Steve Perry 047

Each print in this series will be different based on colors from the Journey Logo.

Steve Perry 047

Look closer for two song lyrics and ten song titles: “Just a small-town girl” (Don’t Stop Believin’); “Now it’s your turn girl to cry” (Lovin’, Touchin’, Squeezin’) Any Way You Want It; Who’s Cryin’ Now; Wheel In The Sky; Lights; Open Arms; Faithfully; Separate Ways; Send Her My Love; Ask The Lonely; City of The Angels

The story: 

Stephen Ray Perry (born January 22, 1949) is an American singer and songwriter. He is best known as the lead singer of the rock band Journey during the periods from 1977 to 1987 and from 1995 to 1998. Perry also had a successful solo career between the mid-1980s and mid-1990s, made sporadic appearances in the 2000s, and returned to music full-time in 2018.

Perry’s singing voice has garnered acclaim from prominent musical peers and publications; he has been dubbed “The Voice”, a moniker originally coined by Jon Bon Jovi. Ranked No. 76 on Rolling Stone‘s “100 Greatest Singers of All Time”, Perry was inducted into the Rock and Roll Hall of Fame as a member of Journey on April 7, 2017.

In his early 20s, Perry moved to Sacramento to start a band with 16-year-old future music producer Scott Mathews, who co-wrote, played drums and guitar and sang. That band, Ice, wrote original material and were poised to “make it” in the music business. During the day in 1972 they recorded at the Record Plant studios in Los Angeles while Stevie Wonder recorded his Talking Bookalbum by night. Upon returning to Sacramento, Ice disbanded as the band had no management, Mathews was still in high school, and the recordings went virtually unheard. In 1975, Perry moved to Thousand Oaks, California, where he formed a progressive rock band called Pieces with Tim Bogert (who had previously worked with Jeff Beck), Denver Cross, and Eddie Tuduri. After a year and a half, the group was unable to secure a record deal and disbanded. Perry also unsuccessfully auditioned to replace Rod Evans in Captain Beyond.

Perry then ended up in Banta, California, outside of Tracy, California, where he fronted the band Alien Project in his mid-20s. He nearly gave up music when the bassist of that band, Richard Michaels, was killed in an automobile accident. Perry returned to Lemoore and decided not to continue his singing career, but at the urging of his mother, he answered a call from Walter “Herbie” Herbert, manager of struggling San Francisco-based band Journey.           

During the COVID-19 pandemic, Don’t Stop Believin’ was used as an anthem for patients who were being discharged from New York Presbyterian Queens Hospital and Henry Ford Health System after defeating the virus. On August 21, 2021, Journey played the song live at New York’s “We Love NYC: The Homecoming Concert”, which was scheduled to celebrate the city’s emergence from the pandemic.      

-credit wikipedia

Perry, the son of Portuguese parents, grew up in California. He was 10 years old when, during a car trip with his mother, he discovered his career path after listening to Sam Cooke on the radio, he wanted to be a singer.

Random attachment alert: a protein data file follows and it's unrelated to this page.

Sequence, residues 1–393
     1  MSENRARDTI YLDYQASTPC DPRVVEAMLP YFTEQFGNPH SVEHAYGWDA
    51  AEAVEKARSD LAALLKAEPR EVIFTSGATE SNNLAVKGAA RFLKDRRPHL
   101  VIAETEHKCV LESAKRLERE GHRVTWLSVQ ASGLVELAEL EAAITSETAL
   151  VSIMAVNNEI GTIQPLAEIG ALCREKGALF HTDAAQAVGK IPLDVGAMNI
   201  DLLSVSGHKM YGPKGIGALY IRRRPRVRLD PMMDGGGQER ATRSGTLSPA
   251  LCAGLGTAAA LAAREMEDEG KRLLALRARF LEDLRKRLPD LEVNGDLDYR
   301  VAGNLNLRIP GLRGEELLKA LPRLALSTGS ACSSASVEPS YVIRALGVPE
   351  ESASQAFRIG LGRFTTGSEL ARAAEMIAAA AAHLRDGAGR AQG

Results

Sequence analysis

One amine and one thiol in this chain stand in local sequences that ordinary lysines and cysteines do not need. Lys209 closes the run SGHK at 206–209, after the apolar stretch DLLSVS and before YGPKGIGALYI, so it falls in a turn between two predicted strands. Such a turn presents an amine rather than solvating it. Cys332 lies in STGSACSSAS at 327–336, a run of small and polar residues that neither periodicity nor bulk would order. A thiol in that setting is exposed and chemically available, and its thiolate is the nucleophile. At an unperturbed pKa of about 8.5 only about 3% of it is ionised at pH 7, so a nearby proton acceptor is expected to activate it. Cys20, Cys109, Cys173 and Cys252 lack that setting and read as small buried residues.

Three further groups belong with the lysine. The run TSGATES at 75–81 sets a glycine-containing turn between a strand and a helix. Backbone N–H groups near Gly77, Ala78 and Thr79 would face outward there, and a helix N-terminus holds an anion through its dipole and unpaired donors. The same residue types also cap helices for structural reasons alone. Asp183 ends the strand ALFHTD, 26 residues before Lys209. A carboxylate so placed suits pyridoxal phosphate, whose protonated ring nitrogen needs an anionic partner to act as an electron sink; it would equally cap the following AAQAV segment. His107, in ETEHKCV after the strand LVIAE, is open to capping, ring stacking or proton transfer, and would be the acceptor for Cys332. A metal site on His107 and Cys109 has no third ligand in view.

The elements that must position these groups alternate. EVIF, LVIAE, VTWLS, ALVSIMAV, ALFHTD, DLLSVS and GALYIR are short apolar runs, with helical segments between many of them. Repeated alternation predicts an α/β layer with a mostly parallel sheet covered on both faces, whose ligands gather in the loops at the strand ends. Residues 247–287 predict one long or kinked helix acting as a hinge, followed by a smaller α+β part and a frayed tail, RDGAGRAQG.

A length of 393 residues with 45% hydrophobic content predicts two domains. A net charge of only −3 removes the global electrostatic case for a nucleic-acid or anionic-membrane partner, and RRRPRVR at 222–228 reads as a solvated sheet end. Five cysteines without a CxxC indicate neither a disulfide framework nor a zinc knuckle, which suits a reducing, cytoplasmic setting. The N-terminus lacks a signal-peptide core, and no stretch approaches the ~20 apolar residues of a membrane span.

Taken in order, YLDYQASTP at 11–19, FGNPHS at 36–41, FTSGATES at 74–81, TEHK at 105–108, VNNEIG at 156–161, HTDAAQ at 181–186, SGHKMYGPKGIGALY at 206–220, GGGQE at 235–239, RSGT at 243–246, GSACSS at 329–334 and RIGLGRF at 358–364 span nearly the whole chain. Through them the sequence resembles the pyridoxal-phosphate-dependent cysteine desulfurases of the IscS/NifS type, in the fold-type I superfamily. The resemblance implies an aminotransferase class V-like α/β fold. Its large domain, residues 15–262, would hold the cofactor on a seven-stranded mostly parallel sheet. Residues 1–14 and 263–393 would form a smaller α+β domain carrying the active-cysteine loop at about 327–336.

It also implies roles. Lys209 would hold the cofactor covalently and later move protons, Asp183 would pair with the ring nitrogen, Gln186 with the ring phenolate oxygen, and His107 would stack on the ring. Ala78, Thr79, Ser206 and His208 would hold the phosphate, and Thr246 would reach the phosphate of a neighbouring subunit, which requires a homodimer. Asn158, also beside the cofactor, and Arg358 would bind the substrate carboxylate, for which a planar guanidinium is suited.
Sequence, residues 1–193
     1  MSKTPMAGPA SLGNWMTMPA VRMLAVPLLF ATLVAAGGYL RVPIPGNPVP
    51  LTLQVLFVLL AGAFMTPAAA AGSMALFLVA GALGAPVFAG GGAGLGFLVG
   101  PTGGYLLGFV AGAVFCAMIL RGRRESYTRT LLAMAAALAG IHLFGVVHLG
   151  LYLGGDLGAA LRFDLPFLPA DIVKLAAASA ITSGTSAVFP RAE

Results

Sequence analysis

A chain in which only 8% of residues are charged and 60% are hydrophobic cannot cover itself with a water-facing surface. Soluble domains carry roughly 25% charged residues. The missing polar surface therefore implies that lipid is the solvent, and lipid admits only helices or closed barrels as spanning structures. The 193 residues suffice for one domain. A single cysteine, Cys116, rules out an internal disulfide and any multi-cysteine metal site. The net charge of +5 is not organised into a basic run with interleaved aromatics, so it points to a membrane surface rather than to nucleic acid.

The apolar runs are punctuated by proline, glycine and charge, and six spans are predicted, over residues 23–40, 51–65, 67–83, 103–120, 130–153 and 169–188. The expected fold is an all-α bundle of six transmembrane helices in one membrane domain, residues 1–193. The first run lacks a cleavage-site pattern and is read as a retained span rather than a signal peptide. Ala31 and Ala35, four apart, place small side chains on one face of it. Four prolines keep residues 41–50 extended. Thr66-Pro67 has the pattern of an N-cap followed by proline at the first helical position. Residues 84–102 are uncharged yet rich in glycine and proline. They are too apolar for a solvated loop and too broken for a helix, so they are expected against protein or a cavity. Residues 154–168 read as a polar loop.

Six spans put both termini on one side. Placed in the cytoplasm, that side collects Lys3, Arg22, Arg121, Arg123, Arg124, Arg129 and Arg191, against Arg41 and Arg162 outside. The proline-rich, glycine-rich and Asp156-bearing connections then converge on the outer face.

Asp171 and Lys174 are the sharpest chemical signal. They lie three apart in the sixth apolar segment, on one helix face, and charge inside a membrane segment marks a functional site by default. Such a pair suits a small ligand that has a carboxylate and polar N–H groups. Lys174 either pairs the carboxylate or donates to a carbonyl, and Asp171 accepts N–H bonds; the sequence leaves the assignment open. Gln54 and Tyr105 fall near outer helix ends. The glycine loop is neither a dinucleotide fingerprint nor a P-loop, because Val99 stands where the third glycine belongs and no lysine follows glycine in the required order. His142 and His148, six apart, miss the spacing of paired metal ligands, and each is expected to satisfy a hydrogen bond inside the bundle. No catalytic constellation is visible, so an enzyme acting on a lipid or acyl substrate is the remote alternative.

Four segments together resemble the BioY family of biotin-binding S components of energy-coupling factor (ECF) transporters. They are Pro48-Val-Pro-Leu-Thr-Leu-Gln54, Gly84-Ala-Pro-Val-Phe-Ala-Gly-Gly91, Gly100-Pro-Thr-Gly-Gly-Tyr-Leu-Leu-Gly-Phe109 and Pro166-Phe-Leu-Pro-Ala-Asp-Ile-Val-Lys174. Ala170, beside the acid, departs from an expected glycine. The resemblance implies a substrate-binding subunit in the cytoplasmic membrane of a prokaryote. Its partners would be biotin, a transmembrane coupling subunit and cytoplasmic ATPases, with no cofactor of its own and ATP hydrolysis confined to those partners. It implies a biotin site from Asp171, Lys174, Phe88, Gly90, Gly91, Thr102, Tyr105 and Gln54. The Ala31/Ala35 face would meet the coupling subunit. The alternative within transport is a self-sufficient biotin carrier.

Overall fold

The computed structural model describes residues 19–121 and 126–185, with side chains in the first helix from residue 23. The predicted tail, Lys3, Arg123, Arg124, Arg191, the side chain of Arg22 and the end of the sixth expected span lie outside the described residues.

While attending high school in Lemoore, California, Perry played drums in the marching band. He tried college for a while, performing in the choir, but eventually abandoned school for musical dreams. After moving to Los Angeles, he worked various jobs, singing on commercials, and serving as an engineer in a recording studio. Perry also played with different groups as a vocalist and drummer. On track to success with Alien Project, the band disbanded after the crash.

In 1977, Perry started as the vocalist for Journey, an early 70s jazz-rock group from San Francisco. With Perry, the band moved to mainstream rock and saw chart success with the first Perry album, 1978’s Infinity, about San Francisco.

Journey broke into the Top 20 with Lovin’, Touchin’, Squeezin’ on their next album, Evolution (1979). Buoyed by such hits as Open Arms, Who’s Crying Now and Don’t Stop Believin’Escape (1981) became the band’s first No. 1 album, selling more than 7 million copies. While the band was hugely popular with music fans, many critics were less than kind.

By the early 1980s, Journey had emerged as one of rock’s top acts. Perry proved that while he may have been short in stature, he possessed one of the era’s biggest and most versatile voices. He was equally adept at ballads, such as Open Arms, and at rock anthems, such as Any Way You Want It. Behind the scenes, Perry helped write these songs and many of the band’s other hits. He penned their most enduring song, Don’t Stop Believin’, with guitarist Neal Schon and keyboardist Jonathan Cain.                                                                                     


The artwork: 

The first print of this illustration is available for donation to non-profit silent auction – email for details.

Digital Print on Archival Matte – Original illustration done in graphite and prisma colors: Apple Green & Grass Green for “Winds rushed through the trees” in Winds of March; Indigo Blue & True Blue for “Some were born to sing the blues” in Don’t Stop Believin’; Silver and Terra Cotta for “Made of silver not of clay” in Wheel in The Sky

Artist: Tobin Bortner of Bastrop, Texas – drawing done in August of 2021 – ©Tobin Signs/Look Closer Illustrations 

DERIVATIVE Work photo credits: Little Steve and mic from youtube_com – maxresdefault; Face from wastrending_blogspot_com – f_perry04; Jacket and tie from 660citynews_com – NYET135-108_2018_155632_hd

What you get:
$40 (36.95 + 3.05 tax)
11 x 14 Print Package with Authenticity Sheet
signed and numbered (run of 80)
Domestic Priority Mail $8
 (Free shipping)

Steve Perry 047

“THE Voice” of Arena Rock.


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